“You really don’t have to go to lectures,” the Barbados Gold Crown of Merit winner said. “However, if you are an auditory learner and you just look at the notes online, you are not going to do very well because you need to actually hear the lecture and not see the notes. There are several students that I have encountered in my classes who were failing miserably and then when I gave them an exercise to determine their learning style, they discovered that they were studying incorrectly. This was their third year and now they are trying to pull up their socks. So the sooner you know what your learning style is, the better it will be to help you ace those exams when December comes.
“Another thing that professors like to do is give bonus tips and hints in a lecture, so only those that are there will know the answer on the exam. I do that every single year, so that’s another reason to attend class.”
A total of 10 scholarships worth $30,000 were presented in late BBCA president John Rollock’s name.
Current president, Steve Kirton, said the recipients were selected on the basis of academic performance, financial need and volunteer work.
“This year, we had a significant increase in the number of applications and the selection process was even more challenging given the high calibre of the candidates,” he said. “Fortunately, this year’s fundraising gala was very successful and we were able to double the number of scholarships from five, which we normally give, to 10.”
Gabriel Taylor, whose father Malcolm was a member of the Merryboys, which later became Ivory, said the scholarship could not have come at a better time.
“This provides me with some financial stability to complete university,” said Taylor who is enrolled in George Brown College’s hospitality operations management degree program while working part-time at Trump International Hotel & Tower Toronto. “My mom, who is divorced from my dad, is the family breadwinner. It means a lot to be able to take some of the financial strain off her and for me to start taking some economic responsibility.”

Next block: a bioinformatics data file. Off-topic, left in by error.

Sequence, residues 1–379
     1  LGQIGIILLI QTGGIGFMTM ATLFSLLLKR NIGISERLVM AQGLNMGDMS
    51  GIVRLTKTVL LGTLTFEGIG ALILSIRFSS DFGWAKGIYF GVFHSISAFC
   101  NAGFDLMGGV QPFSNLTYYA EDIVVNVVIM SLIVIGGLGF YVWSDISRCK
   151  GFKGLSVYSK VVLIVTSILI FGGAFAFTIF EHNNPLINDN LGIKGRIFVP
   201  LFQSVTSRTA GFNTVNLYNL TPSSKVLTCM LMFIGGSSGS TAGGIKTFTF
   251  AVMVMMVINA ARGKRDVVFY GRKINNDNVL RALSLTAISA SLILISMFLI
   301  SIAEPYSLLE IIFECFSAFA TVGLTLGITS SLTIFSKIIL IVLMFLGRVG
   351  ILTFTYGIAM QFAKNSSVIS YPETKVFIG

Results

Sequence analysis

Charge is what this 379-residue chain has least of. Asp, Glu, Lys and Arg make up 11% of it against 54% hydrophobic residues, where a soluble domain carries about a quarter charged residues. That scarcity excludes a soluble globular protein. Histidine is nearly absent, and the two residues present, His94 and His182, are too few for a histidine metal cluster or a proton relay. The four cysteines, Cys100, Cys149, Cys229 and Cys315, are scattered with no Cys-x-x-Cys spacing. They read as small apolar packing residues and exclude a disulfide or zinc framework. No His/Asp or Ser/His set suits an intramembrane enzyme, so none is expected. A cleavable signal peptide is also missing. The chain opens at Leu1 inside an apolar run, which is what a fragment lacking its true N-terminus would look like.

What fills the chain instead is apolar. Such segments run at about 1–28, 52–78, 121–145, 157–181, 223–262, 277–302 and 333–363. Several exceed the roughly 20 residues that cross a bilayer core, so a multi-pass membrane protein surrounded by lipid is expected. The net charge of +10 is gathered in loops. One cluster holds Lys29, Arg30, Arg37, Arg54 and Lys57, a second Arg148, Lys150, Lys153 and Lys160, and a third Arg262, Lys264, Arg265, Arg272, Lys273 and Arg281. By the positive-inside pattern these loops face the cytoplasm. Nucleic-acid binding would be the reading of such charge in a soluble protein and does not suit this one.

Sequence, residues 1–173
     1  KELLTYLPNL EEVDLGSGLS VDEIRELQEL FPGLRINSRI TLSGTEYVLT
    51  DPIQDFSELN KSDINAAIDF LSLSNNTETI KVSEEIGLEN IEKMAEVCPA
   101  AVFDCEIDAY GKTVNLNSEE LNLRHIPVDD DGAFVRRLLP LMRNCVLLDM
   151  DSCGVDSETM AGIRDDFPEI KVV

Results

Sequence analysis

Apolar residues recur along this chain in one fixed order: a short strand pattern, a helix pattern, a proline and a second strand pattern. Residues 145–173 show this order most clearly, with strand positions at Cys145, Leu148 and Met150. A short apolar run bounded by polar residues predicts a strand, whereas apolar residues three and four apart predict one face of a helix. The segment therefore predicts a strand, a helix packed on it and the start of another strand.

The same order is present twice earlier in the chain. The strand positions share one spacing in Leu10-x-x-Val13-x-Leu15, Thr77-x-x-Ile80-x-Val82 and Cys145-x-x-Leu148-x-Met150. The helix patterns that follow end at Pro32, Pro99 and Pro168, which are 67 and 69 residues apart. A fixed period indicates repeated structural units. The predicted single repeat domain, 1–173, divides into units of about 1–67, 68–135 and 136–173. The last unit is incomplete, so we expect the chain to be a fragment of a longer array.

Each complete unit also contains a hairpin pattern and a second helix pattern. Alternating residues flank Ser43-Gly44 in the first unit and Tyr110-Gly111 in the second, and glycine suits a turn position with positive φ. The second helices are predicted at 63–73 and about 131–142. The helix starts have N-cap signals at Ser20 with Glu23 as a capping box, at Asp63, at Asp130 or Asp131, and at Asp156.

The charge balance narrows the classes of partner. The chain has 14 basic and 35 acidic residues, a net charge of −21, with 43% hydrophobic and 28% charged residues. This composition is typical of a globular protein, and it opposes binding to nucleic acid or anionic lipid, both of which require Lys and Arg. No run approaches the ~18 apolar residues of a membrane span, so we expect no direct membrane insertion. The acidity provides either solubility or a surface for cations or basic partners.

For Georgetown District High school graduate, Jenna Batson, the scholarship will alleviate the financial burden and stress associated with going nearly 4,345 kilometres to attend Simon Fraser University in British Columbia.
“It was always my dream to travel and broaden my horizons,” said Batson, who coached the junior boys’ soccer team and started a Black/Asian History Month Diversity initiative at her school.
This was the first time that Sir Oliver Mowat Collegiate Institute graduate, Sydney Murrell, was presented with a scholarship.
“It’s a good feeling to get this financial boost,” said the final-year George Brown College dental hygiene student.
Rick Hansen Secondary School graduate, Ja’miil Millar, agreed.
“This is a great financial aid coming at the right time as I am about to start post-secondary education,” noted the avid soccer player who enters Brock University next month to pursue business communications studies.
The other winners – Kevin King, Sasky Louison, Bri-Anne Smith, Latoya Barrow, Chelsea Cox and Shanice Yarde – were unable to attend the awards presentation.
A graduate of the Associated Board of the Royal Schools of Music, King enters Acadia University this fall to study music; Louison was accepted into the Humber Institute of Technology & Advance Learning television writing program; Barrow is enrolled in Ryerson University’s architectural studies program; Cox – who aspires to be a neurosurgeon – is registered at Centennial College to pursue microbiology studies and Yarde is majoring in human relations & psychology at Concordia University.
Overall, the BBCA has so far presented 32 scholarships worth $105,000.